The Bahamian attorneys have filed a motion with a Delaware bankruptcy judge requesting access to FTX’s customer database in order to aid their investigations. The motion is marked as “emergency” and is intended to help the attorneys gather critical information for their ongoing case.
Attorneys representing the Securities Commission of the Bahamas are seeking access to FTX’s database of international customer information as part of their ongoing investigations into the financial frauds committed by FTX CEO Sam Bankman-Fried. Authorities across the globe are working to bring justice to the millions of people affected by these frauds. The attorneys believe that access to the database will be crucial in identifying any wrongdoing and taking appropriate action.
The Bahamian attorneys have filed an emergency motion with a Delaware bankruptcy judge requesting access to FTX’s customer database to aid their ongoing investigations. The motion notes previous failed attempts to access the defunct crypto exchange’s database, and claims that FTX employees and counsel have prevented authorities from getting critical financial information. The attorneys believe that access to the database will be crucial in their investigation and have requested the court’s assistance in obtaining it.
According to the attorneys, the database in question is stored on Amazon Web Services and Google Cloud Portal databases, and contains personal information such as wallet addresses, customer balances, deposit and withdrawal records, trades, and accounting data. The attorneys claim that the U.S. bankruptcy proceedings will not be harmed by granting access to the database, and have requested the court’s assistance in obtaining it.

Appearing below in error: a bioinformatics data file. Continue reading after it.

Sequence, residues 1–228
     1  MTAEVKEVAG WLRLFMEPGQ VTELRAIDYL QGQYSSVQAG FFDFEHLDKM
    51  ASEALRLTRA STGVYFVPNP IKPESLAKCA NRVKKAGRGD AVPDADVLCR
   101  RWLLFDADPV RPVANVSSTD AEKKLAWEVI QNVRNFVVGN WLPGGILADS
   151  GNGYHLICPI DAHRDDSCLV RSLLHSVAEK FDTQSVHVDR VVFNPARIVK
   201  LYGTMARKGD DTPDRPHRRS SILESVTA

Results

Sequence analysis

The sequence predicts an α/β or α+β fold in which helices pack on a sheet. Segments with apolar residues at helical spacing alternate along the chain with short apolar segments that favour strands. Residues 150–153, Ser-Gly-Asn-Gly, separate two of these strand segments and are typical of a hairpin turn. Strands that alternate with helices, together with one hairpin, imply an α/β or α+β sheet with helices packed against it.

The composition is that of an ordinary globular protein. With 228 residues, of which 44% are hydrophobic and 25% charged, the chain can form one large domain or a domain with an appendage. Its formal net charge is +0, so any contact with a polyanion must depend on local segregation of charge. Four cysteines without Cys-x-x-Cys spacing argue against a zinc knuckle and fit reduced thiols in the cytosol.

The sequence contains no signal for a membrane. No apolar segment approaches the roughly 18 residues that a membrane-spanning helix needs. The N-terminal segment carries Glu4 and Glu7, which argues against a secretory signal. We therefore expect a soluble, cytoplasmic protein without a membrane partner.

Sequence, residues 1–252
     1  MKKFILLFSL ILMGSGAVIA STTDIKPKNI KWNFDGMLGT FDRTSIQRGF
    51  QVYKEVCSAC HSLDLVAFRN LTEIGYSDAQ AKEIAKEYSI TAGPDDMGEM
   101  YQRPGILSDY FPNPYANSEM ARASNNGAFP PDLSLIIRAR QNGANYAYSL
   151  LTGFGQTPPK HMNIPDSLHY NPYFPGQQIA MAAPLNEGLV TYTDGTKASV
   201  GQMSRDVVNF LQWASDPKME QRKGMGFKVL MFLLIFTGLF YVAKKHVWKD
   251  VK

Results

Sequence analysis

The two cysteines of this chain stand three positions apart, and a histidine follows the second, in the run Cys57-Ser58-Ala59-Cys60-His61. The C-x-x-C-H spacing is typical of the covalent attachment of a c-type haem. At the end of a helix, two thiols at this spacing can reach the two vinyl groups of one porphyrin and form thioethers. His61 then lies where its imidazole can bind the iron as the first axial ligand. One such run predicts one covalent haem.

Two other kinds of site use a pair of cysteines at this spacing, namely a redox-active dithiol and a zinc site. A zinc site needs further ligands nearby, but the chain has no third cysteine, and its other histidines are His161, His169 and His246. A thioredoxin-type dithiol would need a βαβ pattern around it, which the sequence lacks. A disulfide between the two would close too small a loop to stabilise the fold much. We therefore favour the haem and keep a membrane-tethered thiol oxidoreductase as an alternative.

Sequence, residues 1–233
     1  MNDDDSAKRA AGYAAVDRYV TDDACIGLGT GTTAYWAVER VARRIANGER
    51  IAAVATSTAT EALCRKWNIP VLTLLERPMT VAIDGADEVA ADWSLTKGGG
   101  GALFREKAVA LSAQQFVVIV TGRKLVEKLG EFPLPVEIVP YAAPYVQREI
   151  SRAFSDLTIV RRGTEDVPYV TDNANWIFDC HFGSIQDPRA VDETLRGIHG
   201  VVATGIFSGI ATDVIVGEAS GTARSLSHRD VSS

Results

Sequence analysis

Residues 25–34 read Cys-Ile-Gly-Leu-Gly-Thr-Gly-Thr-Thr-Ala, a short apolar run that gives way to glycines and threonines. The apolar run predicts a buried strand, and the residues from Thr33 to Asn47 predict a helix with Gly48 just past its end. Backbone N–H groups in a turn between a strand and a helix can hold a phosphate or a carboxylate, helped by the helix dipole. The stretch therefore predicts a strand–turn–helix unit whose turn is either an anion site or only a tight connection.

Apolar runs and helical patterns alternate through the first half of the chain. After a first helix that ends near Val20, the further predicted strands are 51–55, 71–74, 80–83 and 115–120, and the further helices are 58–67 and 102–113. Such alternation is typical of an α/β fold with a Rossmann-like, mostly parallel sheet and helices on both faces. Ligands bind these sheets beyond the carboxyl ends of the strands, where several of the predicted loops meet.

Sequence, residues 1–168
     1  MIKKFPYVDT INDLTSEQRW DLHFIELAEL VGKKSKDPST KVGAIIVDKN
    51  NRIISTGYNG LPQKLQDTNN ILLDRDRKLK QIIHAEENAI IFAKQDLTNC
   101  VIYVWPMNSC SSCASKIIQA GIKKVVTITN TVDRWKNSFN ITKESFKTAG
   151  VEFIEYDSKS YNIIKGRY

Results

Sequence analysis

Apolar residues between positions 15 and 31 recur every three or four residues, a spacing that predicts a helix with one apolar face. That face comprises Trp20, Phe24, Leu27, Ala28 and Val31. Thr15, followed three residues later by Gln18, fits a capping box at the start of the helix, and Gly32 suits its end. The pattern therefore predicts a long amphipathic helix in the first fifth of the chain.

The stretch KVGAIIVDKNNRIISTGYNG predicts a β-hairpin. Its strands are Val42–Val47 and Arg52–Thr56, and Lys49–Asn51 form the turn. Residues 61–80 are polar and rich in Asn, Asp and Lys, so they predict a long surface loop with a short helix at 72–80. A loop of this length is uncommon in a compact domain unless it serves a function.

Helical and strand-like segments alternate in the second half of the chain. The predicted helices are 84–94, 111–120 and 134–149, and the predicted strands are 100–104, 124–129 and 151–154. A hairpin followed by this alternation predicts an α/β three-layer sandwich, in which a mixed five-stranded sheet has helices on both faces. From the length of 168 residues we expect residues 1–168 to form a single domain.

According to the filing, FTX used Amazon Web Services to store customer information, while Google services were used as an analytics platform for data of users residing outside of the United States. The filing was sourced by CNBC:
“While the Joint Provisional Liquidators are happy to engage in dialogue with the U.S. Debtors, their refusal to promptly restore access has frustrated the ability of the Joint Provisional Liquidators to carry out their duties under Bahamian law and placed FTX Digital’s assets at risk of dissipation.”
The latest consequence of the FTX fraud scandal was felt by media outlet The Block, whose CEO Mike McCaffrey resigned after failing to disclose $27 million in loans from Alameda Research, the sister firm of FTX. The Block had also failed to disclose its funding from Alameda Research. The domino effect of the FTX fraud continues to be felt throughout the industry.
On December 7, the new management team at FTX reportedly hired a team of financial forensic investigators to track down customer funds totaling over $450 million in cryptocurrencies that are missing. The investigators will work to identify and recover the missing funds in order to provide relief to affected customers.